After some time, the gardener is supposed to come to destroy the beetles from off the blue Hubbard plant on the garden perimeter, as a way of preventing pest spread to the butternut in the garden.
The method of removing the pests and diseases on perimeter decoy crops does not necessarily need to be checked, because the aim of the farmer is simply to eradicate the pests regardless of whether the crops die or thrive.
This method of perimeter cropping reduces the use of pesticides on the needed crops and ensures their longevity.
Various agricultural scientists and gardening experts are of the opinion that intercropping is an effective technique for managing and controlling pests and diseases on farmland.
This is because the components of the intercrop are a mixture of the plants, needed by the farmers and the plants which are loved by pests and diseases.
This means that pests and diseases are always going to stay on the crops they need rather than the other plants which they do not often prefer.
The principle of intercropping is better used to target insects, pests and diseases that fly through the perimeter into the garden.
The intercrops are there to ensure that even though these pests and diseases initially start-off on the plants the farmers find useful, they tend to relocate to the other decoy crops very quickly before they are even able to do harm to the plants.
Intercropping is best for smaller gardens and for plant pot pests and diseases. This is because your intercrops can be planted according to the number of plants you have.
Tips for Effective Use of Decoys to Control Pests and Diseases
You could be using decoys but not getting the best results. This is because there are certain tips you might have missed for the effectiveness of these decoys in the control of pests and diseases.
Consider these tips as an advantage I’m offering you, over the rest of the less than seven billion gardeners on the surface of the earth.
- The Early Riser Principle
- Keep an Eye on your plants
- Keep your decoys very attractive
- Give no room for evil to thrive
These tips are rib cracking right? It’s the point I try to emphasize in my articles to gardeners.
Gardening is fun and does not need to get you all worked up and stressed especially about insect pests and your crop yield.
You can make those pests and diseases leave your garden without being all worked up.
I’d show you how, as we dive into these funny decoy cropping tips.
1. The Early Riser Principle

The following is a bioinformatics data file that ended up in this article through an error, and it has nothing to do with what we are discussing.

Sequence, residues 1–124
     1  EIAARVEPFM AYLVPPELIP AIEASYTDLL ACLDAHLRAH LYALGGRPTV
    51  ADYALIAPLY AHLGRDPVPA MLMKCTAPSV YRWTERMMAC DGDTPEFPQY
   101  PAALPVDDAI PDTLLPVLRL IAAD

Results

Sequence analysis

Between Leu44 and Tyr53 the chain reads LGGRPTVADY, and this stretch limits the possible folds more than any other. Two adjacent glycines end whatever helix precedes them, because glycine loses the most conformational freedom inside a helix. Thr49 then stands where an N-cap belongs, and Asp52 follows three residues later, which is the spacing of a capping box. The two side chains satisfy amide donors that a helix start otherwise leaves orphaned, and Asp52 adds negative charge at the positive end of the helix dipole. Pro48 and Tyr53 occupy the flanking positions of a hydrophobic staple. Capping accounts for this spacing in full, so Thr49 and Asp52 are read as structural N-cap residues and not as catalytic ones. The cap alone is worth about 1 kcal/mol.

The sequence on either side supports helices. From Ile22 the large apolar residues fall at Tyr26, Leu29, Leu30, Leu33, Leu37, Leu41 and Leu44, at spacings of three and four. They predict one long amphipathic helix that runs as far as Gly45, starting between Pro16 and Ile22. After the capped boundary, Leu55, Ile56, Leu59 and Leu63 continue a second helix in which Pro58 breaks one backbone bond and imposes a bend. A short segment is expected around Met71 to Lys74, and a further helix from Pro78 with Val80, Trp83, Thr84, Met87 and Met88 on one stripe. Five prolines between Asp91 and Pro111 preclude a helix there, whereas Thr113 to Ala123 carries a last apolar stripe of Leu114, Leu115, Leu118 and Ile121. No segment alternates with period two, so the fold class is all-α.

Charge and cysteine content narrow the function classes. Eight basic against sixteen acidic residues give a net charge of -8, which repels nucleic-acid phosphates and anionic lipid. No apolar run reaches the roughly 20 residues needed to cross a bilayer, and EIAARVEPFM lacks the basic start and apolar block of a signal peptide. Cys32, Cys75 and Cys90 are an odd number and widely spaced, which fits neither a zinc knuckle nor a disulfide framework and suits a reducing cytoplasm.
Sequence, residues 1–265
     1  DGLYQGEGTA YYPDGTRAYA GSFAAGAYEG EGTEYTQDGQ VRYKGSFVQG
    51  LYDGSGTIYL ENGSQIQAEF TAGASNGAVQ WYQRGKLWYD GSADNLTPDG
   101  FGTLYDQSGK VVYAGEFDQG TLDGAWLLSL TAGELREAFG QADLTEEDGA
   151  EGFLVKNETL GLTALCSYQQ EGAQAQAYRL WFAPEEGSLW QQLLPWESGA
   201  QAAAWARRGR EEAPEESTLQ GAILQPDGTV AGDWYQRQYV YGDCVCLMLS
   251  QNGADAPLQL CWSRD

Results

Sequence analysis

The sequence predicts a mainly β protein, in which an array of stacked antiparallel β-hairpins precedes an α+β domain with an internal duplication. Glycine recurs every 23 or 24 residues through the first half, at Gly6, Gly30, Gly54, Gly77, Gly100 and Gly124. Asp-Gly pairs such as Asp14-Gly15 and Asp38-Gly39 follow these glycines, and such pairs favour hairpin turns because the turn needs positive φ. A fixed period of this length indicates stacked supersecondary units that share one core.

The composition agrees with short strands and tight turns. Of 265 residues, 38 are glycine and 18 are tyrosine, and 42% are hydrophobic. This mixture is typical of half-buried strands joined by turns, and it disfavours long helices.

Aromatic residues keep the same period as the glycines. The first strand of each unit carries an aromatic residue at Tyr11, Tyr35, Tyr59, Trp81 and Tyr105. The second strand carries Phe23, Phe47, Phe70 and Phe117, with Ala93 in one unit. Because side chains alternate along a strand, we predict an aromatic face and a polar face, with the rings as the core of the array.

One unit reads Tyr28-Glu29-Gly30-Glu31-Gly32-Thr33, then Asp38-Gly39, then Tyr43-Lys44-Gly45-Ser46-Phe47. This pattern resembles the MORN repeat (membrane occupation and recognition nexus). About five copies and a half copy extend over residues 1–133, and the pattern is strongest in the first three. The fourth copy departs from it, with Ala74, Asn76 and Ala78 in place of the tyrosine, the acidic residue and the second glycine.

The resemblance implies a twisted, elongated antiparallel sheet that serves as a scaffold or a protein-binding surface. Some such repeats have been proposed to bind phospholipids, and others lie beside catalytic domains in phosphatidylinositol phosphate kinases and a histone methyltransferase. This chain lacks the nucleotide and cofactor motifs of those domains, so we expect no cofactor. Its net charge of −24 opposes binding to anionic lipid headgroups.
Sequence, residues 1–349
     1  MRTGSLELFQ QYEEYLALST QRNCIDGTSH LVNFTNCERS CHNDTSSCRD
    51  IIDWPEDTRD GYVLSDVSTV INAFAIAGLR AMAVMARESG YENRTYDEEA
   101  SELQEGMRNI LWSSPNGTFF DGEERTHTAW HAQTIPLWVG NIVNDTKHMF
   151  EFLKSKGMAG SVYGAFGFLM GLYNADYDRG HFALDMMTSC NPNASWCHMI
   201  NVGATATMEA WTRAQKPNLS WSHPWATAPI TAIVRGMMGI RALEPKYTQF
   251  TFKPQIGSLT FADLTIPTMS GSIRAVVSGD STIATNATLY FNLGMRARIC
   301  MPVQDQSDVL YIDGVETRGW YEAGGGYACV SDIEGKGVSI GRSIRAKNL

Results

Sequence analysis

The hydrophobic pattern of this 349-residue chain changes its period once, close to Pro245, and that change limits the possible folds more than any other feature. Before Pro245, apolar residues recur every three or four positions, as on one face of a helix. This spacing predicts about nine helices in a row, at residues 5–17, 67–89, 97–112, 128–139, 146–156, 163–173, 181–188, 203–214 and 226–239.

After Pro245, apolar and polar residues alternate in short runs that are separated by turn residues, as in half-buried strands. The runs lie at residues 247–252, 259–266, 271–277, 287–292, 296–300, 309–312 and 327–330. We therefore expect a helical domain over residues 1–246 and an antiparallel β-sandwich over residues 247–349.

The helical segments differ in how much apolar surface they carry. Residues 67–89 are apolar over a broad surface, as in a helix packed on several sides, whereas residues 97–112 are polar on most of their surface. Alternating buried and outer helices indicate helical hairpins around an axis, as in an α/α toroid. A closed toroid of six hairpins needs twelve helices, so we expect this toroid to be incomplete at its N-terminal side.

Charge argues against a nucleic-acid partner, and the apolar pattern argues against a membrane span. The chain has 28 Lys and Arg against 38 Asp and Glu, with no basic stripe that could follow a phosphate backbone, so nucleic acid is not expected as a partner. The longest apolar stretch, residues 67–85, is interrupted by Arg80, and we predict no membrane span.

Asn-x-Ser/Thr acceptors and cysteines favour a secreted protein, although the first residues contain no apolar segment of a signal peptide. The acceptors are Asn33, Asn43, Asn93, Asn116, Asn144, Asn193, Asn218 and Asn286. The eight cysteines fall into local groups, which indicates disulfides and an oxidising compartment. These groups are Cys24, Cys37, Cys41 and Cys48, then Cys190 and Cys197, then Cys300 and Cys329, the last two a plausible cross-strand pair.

The normal professional principle states that the early riser usually gets the best from the day right?
This exact principle can be relativized in trap cropping to keep pests and diseases away from needed plants.
This is done by planting decoy crops early enough before even planting the needed crops. This way, the pests and diseases see something to get their proboscis on, which distracts them from the original crops when they finally grow.
This strategy is smart and could help you eradicate existing pests and diseases in the garden location before your needed crops start to grow.
2. Keep an Eye on Your Plants
Your plants need to be watched closely to know what pests and diseases are pervasive at different points in time in the growth of the plants.
By keeping an eye on the plants, you also know when the time’s right to change the decoy crops or destroy them with the insects pests and diseases in them.
3. Keep Your Decoys Very Attractive
Don’t think that insects, pests and diseases will not move to other plants simply because they have a preference for a certain type of plant.
As a human being, l have this act of not eating peanuts when they get exposed to air and lose their crunch.
It is the same way with insects, pests and diseases. They will have to move to your useful plants if the ones they love aren’t looking healthy and attractive. Therefore, ensure you keep the decoy plants healthy and attractive.
Apply water correctly, guard the plants from too much sunlight and fertilize as at when due.
4. Give no Room for Evil To Thrive
This is very necessary. As soon as you notice that the decoy crops have been well infested, the next step is to destroy the pests and diseases on it.
Destroy them using the most effective techniques you have within your arsenal, even though it affects the life of the decoy crops.
They are after all, decoys, sacrificial crops.
If you do not destroy the crops on time, chances are that they will feed well, mature and reproduce a colony that soon affects the other plants.
How Does Pheromone Trap Work
A pheromone trap is an insect trap that is inorganic and used for the trapping and killing of insects.
The pheromone trap is very sensitive to the presence of insects, pests and diseases in a garden. It attracts them at low densities, regardless of the distance of the pheromone to the pests.
The pheromone trap releases an insect sexually stimulating scent and the insects are drawn to the trap. In trying to mate, they fall into the trap and are destroyed.
You can purchase a pheromone trap or make one.
The use of decoy and trap crops on gardens to control pests and diseases subscribes to the principle of ecological development and improvement.
It does not involve the use of pesticides that harm the soil and alter soil pH level, so I highly recommend the use of this technique for the control of pests and diseases.
The method of decoy cropping you prefer to use depends on the size of your garden as well as what you feel will work best for you.
Trap crops and decoy crops in the long run, develop some resistance to Pests and diseases.